Small Pet Wellness Exams: What to Expect During your Veterinary Visit
Veterinary & Aquatic Services Department, Drs. Foster & Smith

Even our cars get regular tune-ups!
We all know that preventing disease or catching it in its early stages is far better than treating it once it has had time to progress to a more severe stage. Preventive health care on a regular basis will help you do just that, and save you and your pet needless suffering and a larger financial burden. Just as annual physical exams are recommended for humans, they are recommended for our pets as well.

Each small pet should be examined and their husbandry and diet reviewed by a veterinarian at least once a year. Geriatric animals and those showing signs of disease often need more frequent exams.


During the annual physical exam you should review these aspects of your pet's husbandry, diet, and health with your veterinarian: Keeping your small pet's cage clean and sanitary will help prevent disease

  • How long you've owned the animal
  • Where you purchased the animal
  • What other animals you have in your household; if they are cagemates; and what is their health status
  • Housing, including cage size and type, bedding, and cage furniture; if and how often the pet leaves the cage; if the pet goes outside
  • Cage hygiene - frequency of cleaning and cleaning supplies used
  • Environmental temperature
  • Light sources and frequency of bulb changes
  • Relative humidity of the cage, and water/humidity sources
  • Typical diet including brand names, if applicable; what and how much is offered and what and how much is eaten; feeding frequency
  • Description of the droppings - color, amount, and consistency
  • Types of toys offered; any history of chewing household items
  • Use of medications - type, brand name, and dose
  • Use of nutritional supplements (vitamins or minerals) - type, brand name, and dose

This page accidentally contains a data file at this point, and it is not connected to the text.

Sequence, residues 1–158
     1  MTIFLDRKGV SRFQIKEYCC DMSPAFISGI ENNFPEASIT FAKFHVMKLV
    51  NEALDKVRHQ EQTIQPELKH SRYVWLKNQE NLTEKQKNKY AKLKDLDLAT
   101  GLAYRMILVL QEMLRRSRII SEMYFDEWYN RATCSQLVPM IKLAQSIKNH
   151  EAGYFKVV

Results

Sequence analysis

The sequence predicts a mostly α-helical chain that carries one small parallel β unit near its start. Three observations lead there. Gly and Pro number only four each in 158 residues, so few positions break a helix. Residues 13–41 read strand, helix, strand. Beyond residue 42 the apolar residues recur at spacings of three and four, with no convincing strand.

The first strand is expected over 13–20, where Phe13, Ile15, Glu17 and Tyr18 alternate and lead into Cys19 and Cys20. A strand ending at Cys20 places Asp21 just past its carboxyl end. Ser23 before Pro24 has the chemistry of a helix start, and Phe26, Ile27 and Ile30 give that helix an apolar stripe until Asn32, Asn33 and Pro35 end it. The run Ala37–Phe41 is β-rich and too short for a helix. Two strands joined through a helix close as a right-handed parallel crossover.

• Use of pesticides or any other treatments - type, brand name, and dose
  • Exposure to other small pets or wildlife (at shows, boarding, traveling)
  • Exposure to potential toxins (cleaning supplies, second hand smoke, heavy metals, pesticides)
  • Reproductive history
  • Any behavioral changes
  • Any medical problems noted (discharges, changes in stool, history of ingesting foreign objects, lameness, injuries, lumps or bumps, etc.)

Do not be surprised if your veterinarian spends more time talking with you than he/she does examining your small pet. Most diseases in small pets are related to husbandry and nutritional problems, so it is vital that these be reviewed with you carefully. During your discussions, be sure to ask any questions you may have regarding your pet's health and care. Now is the time to learn from your veterinarian's expertise.

Veterinary examination and testing

Usually the veterinary examination will include: Veterinarian examining a rat

  • Recording of the weight of the pet
  • Observation of the animal's posture, movement, and attitude
  • Physical examination including eyes, ears, nose, mouth and teeth, skin, limbs and paws, genital and anal area, and tail
  • Palpation of the abdomen and lymph nodes
  • Ausculation of the heart and lungs
  • Fecal examination for parasites
  • Complete blood count (and chemistry profile, depending upon the age and species of pet)

By providing your veterinarian with as much information as possible, and having your small pet examined regularly, you can help your pet remain in top condition, healthy, and happy. Remember, prevention is key!

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